To this we would add the issue of Rooney and Martial’s movement. Rooney was too deep here with Martial adjusting his position in relation to Rooney and so also dropping deep. This is happening a lot now and the consequence of this is twofold. Firstly the play is all in front of the opposition. Martial really needs to be on top of the oppositions centre-backs putting them under pressure. Rooney should then be close at hand which with both centre-backs watching Martial but at the same time being conscious of the need to also keep an eye on Rooney’s threat can be a problem for the opposition. This creates a potential 2 v 2 down the centre of the park which would either require a midfield player to drop deep or a fullback to move inside thus creating space in the centre or out wide. Unfortunately this isn’t happening and so United continue to circulate possession in the deep.
The second issue here is that when United move the ball wide and look to make a cross, often there is nobody in the box. Martial and Rooney may be struggling to get there but when they do everyone, (and not just this pair), are so deep that United’s players are always outnumbered. Rooney and Martial need to stay high and create a problem for the opposition’s centre-backs; all too often here they looked untroubled.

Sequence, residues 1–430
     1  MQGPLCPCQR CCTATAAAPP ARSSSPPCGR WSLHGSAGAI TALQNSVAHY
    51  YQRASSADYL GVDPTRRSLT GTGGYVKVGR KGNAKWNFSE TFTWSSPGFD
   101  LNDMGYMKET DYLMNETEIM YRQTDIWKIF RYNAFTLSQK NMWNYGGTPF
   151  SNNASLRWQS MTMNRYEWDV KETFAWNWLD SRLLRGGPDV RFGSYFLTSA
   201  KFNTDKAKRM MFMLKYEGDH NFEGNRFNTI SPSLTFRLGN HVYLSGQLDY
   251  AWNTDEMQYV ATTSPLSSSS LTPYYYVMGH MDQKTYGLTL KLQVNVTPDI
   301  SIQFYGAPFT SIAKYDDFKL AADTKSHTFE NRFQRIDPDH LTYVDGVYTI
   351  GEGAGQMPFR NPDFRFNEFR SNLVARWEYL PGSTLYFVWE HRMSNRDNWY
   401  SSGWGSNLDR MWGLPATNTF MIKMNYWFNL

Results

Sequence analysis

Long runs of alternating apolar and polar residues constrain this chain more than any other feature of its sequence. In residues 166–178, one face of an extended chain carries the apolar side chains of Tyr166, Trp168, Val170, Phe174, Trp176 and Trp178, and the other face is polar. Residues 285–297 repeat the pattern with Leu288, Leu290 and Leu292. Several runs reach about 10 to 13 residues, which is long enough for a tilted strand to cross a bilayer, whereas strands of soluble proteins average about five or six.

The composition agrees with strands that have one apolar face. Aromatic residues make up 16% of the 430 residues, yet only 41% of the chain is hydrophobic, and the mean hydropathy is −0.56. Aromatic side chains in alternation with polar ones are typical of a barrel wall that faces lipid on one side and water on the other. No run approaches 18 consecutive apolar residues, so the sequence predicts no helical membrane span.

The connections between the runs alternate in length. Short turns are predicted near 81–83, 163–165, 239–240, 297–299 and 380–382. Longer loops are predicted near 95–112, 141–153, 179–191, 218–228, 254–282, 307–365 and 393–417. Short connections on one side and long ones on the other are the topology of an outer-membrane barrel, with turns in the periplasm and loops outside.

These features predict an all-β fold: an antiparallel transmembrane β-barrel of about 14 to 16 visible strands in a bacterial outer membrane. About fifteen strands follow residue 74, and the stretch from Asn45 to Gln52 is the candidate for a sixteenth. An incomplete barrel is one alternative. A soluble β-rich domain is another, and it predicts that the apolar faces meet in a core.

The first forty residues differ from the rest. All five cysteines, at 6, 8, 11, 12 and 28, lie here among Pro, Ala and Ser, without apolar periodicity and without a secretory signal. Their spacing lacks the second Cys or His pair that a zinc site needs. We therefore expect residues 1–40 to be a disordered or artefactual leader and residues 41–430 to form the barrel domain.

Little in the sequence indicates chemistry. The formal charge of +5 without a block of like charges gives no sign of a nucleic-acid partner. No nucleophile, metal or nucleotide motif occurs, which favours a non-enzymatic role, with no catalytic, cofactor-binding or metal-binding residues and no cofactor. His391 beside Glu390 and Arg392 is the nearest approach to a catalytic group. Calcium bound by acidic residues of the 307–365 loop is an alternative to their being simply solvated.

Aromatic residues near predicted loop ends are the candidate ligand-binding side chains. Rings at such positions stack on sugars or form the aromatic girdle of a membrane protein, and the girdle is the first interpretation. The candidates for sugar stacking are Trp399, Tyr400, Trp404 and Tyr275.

So what did United do well? In this game we thought that United’s use of width was better than of late. Of course Mata and at times the impressive Lingard cut inside, but the full-backs when they advanced tended to stay wide. Rojo was perhaps more conservative in his forward movements than Young and this may be as a consequence of a perceived need to protect the space behind the lively Lingard, (West Brom of course exploited the space behind Di Maria and Herrera so well last year). United delivered a large number of crosses in this game but as in previous games the quality of the delivery was generally poor.
The features of United’s play which were exception that proved the rule were good early switching of the play, (resulting in a good chance for Mata who curled his shot round the far post), and an opportunity when United did get numbers in the box with Martial twisting to bring down a cross followed by a side step, but unfortunately he then shot straight at the keeper.
All this resulted in the score remaining 0-0 at halftime.
After the break the pattern initially stayed the same. A word about West Brom; they were very disciplined and worked hard to retain their shape. They concentrated on marking the space and didn’t make that much of an effort to tackle United players. The obvious thing for United to do then was to run at the West Brom defensive line and make them commit themselves. United never really did this other than through the lively Lingard in wide areas. Perhaps they should have done this through the middle of the pitch. The other alternative strategy United could have adopted was to pass the ball with the purpose of setting up a shooting opportunity from the edge of the box. If you can’t pass through a massed defence shoot through it. The shot might not go straight in, but you might get a rebound which falls favourably or a corner. At the very least you test the opposition’s ability to react quickly to a loose ball in their penalty area.